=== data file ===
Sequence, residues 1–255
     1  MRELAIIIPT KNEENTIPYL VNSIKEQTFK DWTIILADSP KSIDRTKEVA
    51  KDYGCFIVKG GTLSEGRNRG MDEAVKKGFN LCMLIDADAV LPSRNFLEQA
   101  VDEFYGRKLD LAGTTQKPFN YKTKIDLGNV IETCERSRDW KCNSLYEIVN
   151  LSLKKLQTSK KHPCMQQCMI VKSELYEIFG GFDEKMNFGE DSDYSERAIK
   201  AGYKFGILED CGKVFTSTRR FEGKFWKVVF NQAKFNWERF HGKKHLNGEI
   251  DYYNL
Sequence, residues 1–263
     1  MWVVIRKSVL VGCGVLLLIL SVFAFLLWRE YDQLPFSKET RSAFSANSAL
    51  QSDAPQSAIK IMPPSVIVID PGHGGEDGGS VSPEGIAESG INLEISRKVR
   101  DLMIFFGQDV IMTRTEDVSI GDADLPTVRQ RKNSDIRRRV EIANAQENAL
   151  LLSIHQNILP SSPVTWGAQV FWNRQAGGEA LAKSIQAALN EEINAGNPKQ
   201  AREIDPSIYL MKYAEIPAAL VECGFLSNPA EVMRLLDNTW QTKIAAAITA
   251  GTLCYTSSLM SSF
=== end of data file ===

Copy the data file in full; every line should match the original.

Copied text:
Sequence, residues 1–255
     1  MRELAIIIPT KNEENTIPYL VNSIKEQTFK DWTIILADSP KSIDRTKEVA
    51  KDYGCFIVKG GTLSEGRNRG MDEAVKKGFN LCMLIDADAV LPSRNFLEQA
   101  VDEFYGRKLD LAGTTQKPFN YKTKIDLGNV IETCERSRDW KCNSLYEIVN
   151  LSLKKLQTSK KHPCMQQCMI VKSELYEIFG GFDEKMNFGE DSDYSERAIK
   201  AGYKFGILED CGKVFTSTRR FEGKFWKVVF NQAKFNWERF HGKKHLNGEI
   251  DYYNL
Sequence, residues 1–263
     1  MWVVIRKSVL VGCGVLLLIL SVFAFLLWRE YDQLPFSKET RSAFSANSAL
    51  QSDAPQSAIK IMPPSVIVID PGHGGEDGGS VSPEGIAESG INLEISRKVR
   101  DLMIFFGQDV IMTRTEDVSI GDADLPTVRQ RKNSDIRRRV EIANAQENAL
   151  LLSIHQNILP SSPVTWGAQV FWNRQAGGEA LAKSIQAALN EEINAGNPKQ
   201  AREIDPSIYL MKYAEIPAAL VECGFLSNPA EVMRLLDNTW QTKIAAAITA
   251  GTLCYTSSLM SSF